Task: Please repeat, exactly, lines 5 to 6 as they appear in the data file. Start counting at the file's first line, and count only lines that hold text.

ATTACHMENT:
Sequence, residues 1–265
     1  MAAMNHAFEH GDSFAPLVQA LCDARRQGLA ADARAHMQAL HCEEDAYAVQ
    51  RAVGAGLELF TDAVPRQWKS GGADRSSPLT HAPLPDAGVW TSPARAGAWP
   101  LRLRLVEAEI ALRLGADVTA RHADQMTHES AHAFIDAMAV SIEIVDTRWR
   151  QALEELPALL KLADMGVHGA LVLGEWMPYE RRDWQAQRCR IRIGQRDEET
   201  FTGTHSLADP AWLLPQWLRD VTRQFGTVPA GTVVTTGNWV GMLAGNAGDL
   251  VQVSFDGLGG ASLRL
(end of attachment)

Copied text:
   151  QALEELPALL KLADMGVHGA LVLGEWMPYE RRDWQAQRCR IRIGQRDEET
   201  FTGTHSLADP AWLLPQWLRD VTRQFGTVPA GTVVTTGNWV GMLAGNAGDL